Credits roll for Variety, Hollywood's daily bible
A sad landmark for newspaper that brought the world 'Wall St lays an egg'
Tim Walker is The Independent’s Los Angeles correspondent, covering entertainment and other concerns from the West Coast of the US. He was previously a features writer and the editor of the paper’s diary column. His first novel, Completion, was published in 2014.
Sunday 03 March 2013
It has been Hollywood's in-house newsletter for 80 years. Its influence permeates publishing across the English-speaking world. Yet, just like the movie business it covers, and the print business to which it belongs, Variety has had its fortunes altered dramatically by the advent of the internet. From 18 March, the title will cease publication of its daily broadsheet for the first time since 1933.
The 108-year-old weekly edition will remain, alongside regular special issues and a redesigned website. A paywall, erected in 2009, was removed on Friday. "Internally, we've been referring to the paywall dropping as 'the end of an error'," said Variety's owner, Jay Penske. "It was an interesting experiment that didn't work." Staff at the struggling publication must hope that the new arrangements prove more effectual.
Variety was once valued at more than $350m (£233m), but Mr Penske, the chairman and chief executive of Penske Media Corporation, bought the paper for a mere $25m in October 2012. In November, he fired almost a quarter of its employees. The title has suffered from the absence of advertising dollars, and from a surfeit of competition in print and online.
In 2010, its rival The Hollywood Reporter was successfully re-launched as a glossy weekly magazine. Meanwhile, movie news websites such as The Wrap and Variety's Penske Corporation stable mate, Deadline Hollywood, have proven more adept at attracting a digital audience. According to Comscore, Deadline received 2.3 million unique visitors in January, a 32 per cent year-on-year increase. Variety's online readership tumbled 28 per cent to 472,000 in the same period.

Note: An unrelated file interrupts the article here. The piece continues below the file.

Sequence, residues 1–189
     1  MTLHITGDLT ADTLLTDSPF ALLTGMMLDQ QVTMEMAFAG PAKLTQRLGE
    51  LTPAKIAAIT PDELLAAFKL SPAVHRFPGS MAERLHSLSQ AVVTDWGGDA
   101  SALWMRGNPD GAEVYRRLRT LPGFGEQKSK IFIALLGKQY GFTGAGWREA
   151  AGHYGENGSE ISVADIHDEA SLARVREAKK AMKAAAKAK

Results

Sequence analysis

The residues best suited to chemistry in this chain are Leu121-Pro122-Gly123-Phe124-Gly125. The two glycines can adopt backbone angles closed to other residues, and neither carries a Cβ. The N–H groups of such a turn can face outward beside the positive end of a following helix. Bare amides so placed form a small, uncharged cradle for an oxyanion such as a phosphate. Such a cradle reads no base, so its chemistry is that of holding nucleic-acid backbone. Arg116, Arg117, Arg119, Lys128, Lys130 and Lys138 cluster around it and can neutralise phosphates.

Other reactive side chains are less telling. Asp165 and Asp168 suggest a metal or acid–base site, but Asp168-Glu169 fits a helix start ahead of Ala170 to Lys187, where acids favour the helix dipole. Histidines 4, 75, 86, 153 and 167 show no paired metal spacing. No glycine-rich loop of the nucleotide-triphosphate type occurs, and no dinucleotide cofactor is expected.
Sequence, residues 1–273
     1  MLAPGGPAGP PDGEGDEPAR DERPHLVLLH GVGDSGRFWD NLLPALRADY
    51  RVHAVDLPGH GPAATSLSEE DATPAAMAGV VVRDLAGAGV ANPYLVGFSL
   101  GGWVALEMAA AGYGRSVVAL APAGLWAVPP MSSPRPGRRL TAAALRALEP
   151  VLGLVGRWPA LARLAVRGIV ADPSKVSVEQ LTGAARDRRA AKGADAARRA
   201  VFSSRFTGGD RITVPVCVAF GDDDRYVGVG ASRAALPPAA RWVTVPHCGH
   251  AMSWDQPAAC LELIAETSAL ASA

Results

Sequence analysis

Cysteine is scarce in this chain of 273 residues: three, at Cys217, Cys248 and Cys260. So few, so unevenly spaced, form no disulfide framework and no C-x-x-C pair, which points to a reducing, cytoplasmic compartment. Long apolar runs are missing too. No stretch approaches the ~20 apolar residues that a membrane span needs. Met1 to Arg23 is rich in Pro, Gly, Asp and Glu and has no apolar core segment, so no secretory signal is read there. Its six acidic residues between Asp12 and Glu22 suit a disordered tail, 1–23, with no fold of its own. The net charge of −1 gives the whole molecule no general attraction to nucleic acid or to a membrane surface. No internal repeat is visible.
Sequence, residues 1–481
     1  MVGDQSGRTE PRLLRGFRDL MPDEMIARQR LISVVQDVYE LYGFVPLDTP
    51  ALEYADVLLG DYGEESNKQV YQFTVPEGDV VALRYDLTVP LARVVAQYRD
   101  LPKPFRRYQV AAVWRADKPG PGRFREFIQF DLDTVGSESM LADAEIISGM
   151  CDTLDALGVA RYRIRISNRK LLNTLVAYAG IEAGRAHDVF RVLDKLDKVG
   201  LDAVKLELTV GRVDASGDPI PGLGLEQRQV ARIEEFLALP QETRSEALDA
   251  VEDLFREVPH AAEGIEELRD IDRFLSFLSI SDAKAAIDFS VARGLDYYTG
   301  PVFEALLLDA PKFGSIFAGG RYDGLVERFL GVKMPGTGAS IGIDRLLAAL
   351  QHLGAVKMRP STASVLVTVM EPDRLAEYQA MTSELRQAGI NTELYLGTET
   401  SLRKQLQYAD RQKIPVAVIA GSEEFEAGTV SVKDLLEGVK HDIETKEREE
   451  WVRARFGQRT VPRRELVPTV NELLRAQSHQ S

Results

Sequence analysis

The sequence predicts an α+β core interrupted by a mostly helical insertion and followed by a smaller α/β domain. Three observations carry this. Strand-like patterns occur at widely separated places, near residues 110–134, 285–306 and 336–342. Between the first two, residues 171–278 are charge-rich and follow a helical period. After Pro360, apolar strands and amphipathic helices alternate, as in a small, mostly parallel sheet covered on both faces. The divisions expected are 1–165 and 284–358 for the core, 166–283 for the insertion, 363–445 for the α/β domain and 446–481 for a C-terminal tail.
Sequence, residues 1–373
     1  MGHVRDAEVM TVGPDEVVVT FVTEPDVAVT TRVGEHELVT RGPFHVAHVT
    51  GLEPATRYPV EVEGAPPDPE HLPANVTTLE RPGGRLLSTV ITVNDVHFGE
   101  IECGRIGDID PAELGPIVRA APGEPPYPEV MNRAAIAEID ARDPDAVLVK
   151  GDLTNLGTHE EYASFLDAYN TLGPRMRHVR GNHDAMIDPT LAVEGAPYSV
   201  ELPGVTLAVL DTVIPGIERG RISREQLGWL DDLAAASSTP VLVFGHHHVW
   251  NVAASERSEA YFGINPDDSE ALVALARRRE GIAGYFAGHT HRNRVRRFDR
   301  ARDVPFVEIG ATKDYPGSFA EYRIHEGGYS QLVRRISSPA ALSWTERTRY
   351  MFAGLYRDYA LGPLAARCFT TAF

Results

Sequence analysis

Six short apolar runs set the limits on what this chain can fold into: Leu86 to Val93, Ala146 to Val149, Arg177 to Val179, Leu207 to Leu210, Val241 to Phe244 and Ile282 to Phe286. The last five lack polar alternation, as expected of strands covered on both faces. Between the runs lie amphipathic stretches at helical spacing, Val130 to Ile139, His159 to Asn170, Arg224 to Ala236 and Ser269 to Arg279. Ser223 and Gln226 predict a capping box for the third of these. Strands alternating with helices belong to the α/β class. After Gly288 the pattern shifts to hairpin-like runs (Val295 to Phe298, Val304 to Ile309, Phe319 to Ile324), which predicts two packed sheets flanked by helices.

Deadline's editor-in-chief, Nikki Finke, did not pull any punches in her own report on the changes at Variety, referring to the paper's "humiliating loss of readership and influence and advertising", not to mention its "disastrous paywall". Ms Finke described the title's redesigned website as "generic", and its planned weekly magazine edition as "thumb-sucking". Unrepentant, she claimed, "my Deadline Hollywood pretty much put [Variety] out of business."
Variety was founded in New York in 1905 as a weekly publication covering the vaudeville scene. In January 1907, it published what are widely thought of as the first film reviews in history, of the French comedy short An Exciting Honeymoon, and the Edison company's embryonic short western The Life of a Cowboy.
That same year, Los Angeles welcomed its first film-makers and, by 1933, Variety had followed the movies to the West Coast, where it began publishing Daily Variety. Over the years, it became known for its glossary of Variety "slanguage", originating such words and phrases as "striptease," "sitcom", "biopic", "sex appeal" and "cliff-hanger".
Its editors also wrote some of the most celebrated headlines of the 20th century. Variety greeted the news of the stock market crash on Black Tuesday in 1929 with the famous words, "Wall Street lays an egg". In 1935, reporting on the negative reaction of rural audiences to movies about their way of life, the paper led its front page with the headline "Sticks nix hick pix".
The paper was granted a rare interview with Al Capone at his Chicago home in 1931, in which the notorious mobster revealed that he was often approached by movie studios to appear in their gangster movies, but he "snorted at most" of the offers. As news of the Russian Revolution reached Manhattan in 1917, the paper advised the vaudeville professionals among its subscribers to check before travelling whether their bookings in Moscow and St Petersburg had been cancelled.
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